My PSIA dues this year were $90.
My PGA dues as a Class A member were $536. That being said I get a lot for my dollars with the PGA, an employment service and consultants, a small life insurance policy, liability coverage and much more.
The road to PGA membership requires either a 4 year college program at various schools across the country or a multi-stage home/on the job study and training program where you travel three times to Florida for testing that will cost you about $7,000 when it is all said and done. Plus you are required to pass a golf proficiency test is quite challenging.
The PGA programs focus on developing substantial business skills as well as specific golf industry needs-teaching, tournament operations, equipment repair etc, etc.
So it is easy to understand why the PGA model is not easily transferrable to skiing where the employment structure is so different.
The PGA has about 21,000 Class "A" members and 6,000 apprentices (who have a lower dues structure).
Yes, we do a lot to grow the game, a central tenet of our mission: Play Golf America Days, Women's Golf Instruction Days, Junior Golf Instruction Days on and on. The PGA and our sections across the country organize those events while members and apprentices donate our time to conduct them. We support the First Tee program which not only teaches golf skills but life skills to parts of the population that might never have exposure to our game. Obviously the PGA and LPGA Tours help bring interest to the game through weekly TV exposure. This week it is great to see the US Open being played on a municipal facility in San Diego.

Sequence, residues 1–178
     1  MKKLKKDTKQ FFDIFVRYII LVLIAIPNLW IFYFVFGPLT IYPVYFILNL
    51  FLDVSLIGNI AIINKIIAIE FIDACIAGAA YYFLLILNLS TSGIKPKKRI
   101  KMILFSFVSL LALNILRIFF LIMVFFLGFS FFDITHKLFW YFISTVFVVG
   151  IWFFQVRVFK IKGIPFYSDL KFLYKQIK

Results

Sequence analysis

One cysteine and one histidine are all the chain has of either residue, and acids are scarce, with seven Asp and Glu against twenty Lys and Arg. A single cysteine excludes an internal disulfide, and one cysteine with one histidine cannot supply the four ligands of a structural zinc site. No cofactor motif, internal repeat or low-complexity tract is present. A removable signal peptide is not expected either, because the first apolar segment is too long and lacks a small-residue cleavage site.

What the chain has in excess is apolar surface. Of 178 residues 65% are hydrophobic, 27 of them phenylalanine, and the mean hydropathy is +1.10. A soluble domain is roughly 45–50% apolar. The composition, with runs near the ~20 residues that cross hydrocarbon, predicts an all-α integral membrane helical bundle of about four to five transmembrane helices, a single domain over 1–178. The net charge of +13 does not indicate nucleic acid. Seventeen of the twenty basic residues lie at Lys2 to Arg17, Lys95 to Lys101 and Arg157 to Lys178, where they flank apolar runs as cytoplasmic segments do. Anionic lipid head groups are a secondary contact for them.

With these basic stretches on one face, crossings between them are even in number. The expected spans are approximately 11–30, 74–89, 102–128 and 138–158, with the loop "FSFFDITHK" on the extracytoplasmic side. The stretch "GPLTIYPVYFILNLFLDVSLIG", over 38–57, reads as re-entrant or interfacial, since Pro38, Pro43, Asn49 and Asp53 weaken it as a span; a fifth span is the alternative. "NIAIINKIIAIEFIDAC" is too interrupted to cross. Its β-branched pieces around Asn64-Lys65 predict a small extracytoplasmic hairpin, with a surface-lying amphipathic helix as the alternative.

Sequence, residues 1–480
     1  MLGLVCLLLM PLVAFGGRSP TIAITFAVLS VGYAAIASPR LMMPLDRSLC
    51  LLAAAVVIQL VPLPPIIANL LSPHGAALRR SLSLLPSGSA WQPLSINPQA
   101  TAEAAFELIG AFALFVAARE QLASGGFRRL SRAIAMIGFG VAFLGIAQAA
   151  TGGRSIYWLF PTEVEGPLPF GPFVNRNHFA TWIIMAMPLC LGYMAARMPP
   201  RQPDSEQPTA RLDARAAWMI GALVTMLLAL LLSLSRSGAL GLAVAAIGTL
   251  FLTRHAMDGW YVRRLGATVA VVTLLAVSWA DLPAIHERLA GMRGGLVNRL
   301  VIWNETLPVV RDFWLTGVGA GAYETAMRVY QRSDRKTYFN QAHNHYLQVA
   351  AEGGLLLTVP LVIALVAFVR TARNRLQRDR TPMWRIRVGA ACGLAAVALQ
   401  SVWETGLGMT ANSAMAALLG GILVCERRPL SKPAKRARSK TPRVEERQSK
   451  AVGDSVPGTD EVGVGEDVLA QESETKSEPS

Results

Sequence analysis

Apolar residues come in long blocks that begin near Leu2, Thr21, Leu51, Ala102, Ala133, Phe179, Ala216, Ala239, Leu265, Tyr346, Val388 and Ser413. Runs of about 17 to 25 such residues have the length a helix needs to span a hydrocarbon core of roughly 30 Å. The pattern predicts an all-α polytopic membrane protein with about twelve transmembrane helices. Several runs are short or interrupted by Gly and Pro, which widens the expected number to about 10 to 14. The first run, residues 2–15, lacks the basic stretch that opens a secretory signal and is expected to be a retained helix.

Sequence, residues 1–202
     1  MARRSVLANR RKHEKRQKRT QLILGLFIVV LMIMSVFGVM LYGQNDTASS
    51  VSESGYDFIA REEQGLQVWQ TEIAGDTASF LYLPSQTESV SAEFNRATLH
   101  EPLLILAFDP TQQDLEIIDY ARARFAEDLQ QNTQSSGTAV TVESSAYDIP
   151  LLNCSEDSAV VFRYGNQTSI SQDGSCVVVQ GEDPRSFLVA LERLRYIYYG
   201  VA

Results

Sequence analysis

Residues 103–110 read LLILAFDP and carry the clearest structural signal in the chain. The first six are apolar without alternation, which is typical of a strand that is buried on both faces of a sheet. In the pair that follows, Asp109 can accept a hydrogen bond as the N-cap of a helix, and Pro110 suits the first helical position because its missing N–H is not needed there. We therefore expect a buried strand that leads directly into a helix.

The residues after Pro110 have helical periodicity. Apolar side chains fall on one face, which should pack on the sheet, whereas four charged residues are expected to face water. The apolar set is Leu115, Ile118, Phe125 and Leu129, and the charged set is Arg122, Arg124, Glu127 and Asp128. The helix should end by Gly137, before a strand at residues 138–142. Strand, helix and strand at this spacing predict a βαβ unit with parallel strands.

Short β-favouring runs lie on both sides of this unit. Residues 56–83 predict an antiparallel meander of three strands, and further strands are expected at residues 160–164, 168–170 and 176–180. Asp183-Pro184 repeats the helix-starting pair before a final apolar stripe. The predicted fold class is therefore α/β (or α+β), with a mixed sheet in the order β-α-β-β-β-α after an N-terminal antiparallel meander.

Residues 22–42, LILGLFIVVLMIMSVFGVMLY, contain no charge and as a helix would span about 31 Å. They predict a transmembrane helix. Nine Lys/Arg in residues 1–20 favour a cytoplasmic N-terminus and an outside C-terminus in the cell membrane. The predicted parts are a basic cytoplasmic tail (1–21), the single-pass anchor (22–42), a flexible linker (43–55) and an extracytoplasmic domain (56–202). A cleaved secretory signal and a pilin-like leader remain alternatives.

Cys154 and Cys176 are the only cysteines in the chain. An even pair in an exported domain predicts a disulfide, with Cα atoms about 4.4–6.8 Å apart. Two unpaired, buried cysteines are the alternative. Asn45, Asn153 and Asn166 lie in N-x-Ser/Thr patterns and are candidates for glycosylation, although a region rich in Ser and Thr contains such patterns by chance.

Just like many recreation industries we are facing significant challenges; discretionary income is limited and has many competing demands; time is becoming a major issue-a lot of folks can't spare 4 to 5 hours to play 18 holes or even the time for 9 holes in todays over scheduled world.
Far too many course have been built in the past decade, many as subsidized real estate development amentities where the developer walks away at turnover leaving the home owners the operational responsibility unless contracted out. Operational costs are escalating rapidly for fuel and fertilizers.